Automobile manufacturers make different cars or different variations of their cars for different markets. For example, European markets love wagons while they are next to impossible to sell in US markets. For the most part, drivers tend to buy cars within their own markets. But if you fall in love with a set of wheels that you can’t buy in the US, it is certainly possible to buy abroad and import the car.
Buyers should be aware that environmental regulations are strict when it comes to cars, and between the regulations and cost, it can be daunting to import a car.
Check US Environmental Regulations for Automobiles
The US Environmental Protection Agency (EPA) sets forth fairly strict regulations for emissions and other environmental factors that impact automobile sales. If you are buying a car in the US market, the model has already passed all the necessary tests. However, cars purchased from outside of the US may not be sold with the same guarantees.
If you are interested in a car that does not meet US emissions standards, you will need to have the necessary alterations made to bring the automobile up to US codes before it can be imported or driven in the US. In some cases, it may not even be possible. So, before you go to the hassle and expense of buying a car that cannot be imported, start with an understanding of what is required in the US and use that information to inform your shopping experience.
Get Familiar with US Safety Standards
The EPA isn’t the only governing body with a say in what automobiles can be imported to the United States Department of Transportation also enforces a set of safety regulations that are enforced for all vehicles on American roads.
The DOT keeps a list of eligible vehicles for common imports. Non-confirming vehicles may not be able to be imported at all, so checking your vehicle against the list of eligible vehicles is an important pre-sale to-do item.
Keep in mind that bringing your car up to US code can be very costly. Compare your options. If you decide to proceed with an import, here is what comes next.
Bring Your Car Up to Code
Start by looking for a reputable dealer that has experience shipping cars overseas for US import. If you are unfamiliar with the intricacies, it can really help to work with someone who has experience with these types of imports.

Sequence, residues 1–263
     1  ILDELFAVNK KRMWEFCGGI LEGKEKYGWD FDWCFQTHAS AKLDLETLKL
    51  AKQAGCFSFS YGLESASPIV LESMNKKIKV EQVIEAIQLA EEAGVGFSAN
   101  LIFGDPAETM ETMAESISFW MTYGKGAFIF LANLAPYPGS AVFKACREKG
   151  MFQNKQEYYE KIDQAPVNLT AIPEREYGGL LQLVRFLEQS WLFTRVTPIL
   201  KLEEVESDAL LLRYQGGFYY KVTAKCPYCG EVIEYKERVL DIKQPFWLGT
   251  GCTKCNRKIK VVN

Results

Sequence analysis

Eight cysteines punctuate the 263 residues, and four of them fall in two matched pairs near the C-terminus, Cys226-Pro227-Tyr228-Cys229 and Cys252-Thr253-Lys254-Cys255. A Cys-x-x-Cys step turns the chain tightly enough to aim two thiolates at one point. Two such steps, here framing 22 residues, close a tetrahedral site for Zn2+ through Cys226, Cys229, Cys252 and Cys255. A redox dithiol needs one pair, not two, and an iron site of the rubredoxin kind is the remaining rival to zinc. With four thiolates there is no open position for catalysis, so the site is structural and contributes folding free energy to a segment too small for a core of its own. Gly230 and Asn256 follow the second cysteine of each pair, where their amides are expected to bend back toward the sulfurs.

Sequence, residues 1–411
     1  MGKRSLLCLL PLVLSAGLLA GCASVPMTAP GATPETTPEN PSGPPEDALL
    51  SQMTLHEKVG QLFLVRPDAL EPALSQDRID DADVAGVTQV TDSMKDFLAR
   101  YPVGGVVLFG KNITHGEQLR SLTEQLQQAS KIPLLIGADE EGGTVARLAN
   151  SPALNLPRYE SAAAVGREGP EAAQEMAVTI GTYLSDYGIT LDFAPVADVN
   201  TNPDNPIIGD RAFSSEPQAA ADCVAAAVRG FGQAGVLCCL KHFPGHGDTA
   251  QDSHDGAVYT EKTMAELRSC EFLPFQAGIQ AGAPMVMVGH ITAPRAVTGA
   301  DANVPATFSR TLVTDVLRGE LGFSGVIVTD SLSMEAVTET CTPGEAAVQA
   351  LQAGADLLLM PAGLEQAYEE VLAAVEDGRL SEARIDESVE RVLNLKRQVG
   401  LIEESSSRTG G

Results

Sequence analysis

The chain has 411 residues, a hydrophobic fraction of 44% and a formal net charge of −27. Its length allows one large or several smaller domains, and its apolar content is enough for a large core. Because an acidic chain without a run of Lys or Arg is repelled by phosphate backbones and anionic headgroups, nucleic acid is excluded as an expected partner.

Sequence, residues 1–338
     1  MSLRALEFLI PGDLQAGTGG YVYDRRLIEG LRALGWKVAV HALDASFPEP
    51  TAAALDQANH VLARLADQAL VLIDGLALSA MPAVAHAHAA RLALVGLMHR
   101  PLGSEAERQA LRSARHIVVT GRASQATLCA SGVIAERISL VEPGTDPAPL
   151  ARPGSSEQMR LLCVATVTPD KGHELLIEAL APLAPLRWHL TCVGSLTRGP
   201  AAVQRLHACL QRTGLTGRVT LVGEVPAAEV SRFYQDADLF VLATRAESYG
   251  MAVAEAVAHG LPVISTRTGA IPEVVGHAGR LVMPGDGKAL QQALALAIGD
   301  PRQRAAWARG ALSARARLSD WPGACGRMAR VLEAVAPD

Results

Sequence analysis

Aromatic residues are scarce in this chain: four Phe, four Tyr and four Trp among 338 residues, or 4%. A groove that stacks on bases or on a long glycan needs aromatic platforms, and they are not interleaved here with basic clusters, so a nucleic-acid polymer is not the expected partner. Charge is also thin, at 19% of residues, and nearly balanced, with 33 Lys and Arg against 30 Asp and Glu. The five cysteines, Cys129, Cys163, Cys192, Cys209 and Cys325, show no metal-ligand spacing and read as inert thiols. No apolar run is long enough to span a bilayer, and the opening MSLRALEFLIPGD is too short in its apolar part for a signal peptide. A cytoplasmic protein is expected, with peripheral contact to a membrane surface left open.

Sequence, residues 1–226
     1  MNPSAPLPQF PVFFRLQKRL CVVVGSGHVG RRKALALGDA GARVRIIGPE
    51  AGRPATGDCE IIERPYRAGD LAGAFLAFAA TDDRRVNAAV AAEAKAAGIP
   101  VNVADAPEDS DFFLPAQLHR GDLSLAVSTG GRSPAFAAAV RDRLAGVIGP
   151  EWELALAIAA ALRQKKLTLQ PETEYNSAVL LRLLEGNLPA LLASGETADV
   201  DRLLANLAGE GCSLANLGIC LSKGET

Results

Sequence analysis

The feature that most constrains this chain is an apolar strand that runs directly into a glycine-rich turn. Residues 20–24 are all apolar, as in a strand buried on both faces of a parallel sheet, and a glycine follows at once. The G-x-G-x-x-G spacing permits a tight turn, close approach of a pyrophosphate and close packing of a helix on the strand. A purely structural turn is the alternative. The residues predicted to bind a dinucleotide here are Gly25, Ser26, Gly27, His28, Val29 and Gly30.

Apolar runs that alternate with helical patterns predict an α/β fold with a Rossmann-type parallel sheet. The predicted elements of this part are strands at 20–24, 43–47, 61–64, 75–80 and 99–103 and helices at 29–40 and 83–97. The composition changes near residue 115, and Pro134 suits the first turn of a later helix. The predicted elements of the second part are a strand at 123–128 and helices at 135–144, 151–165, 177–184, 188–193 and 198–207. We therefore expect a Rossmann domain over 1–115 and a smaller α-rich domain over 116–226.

In many cases, dealerships will have an in-house service department or will be able to make a referral to the type of service department you will need to make modifications to your vehicle. Although stay vigilant when dealing with foreign dealers and mechanics. Many claim that their cars meet US regulations, but US Customs and Border Control says that it is uncommon unless the car was manufactured to be sold in the US.
The next thing that you will need to consider is budgeting for US taxes that will be due on the vehicle upon registration in the US. Automobile taxes vary by state, so you will need to check with your local DMV to properly budget for taxes.
And finally, look over the details of warranty coverage and check with your insurance agent to make sure your vehicle will be covered once it leaves the country where it is purchased, during shipping, and once it arrives in the US.
Choose a Shipper and Make Arrangements
Finding and buying a car overseas is the first half of the battle. Choosing the right shipper to bring your car to the US is the other half of the battle. A reputable shipper will offer more than the lowest price. For starters, you should look for a shipper that offers the right services, including pick up and delivery in the countries that you need.
Things to look for in a shipping company:
- Services Offered
- Shipping Methods
- Insurance Coverage
- Deposit Requirements
- Added Fees
- Customs Support
A good partner in shipping will provide timely arrangements and a resource of experience that can be invaluable if trouble pops up during shipment or customs clearance.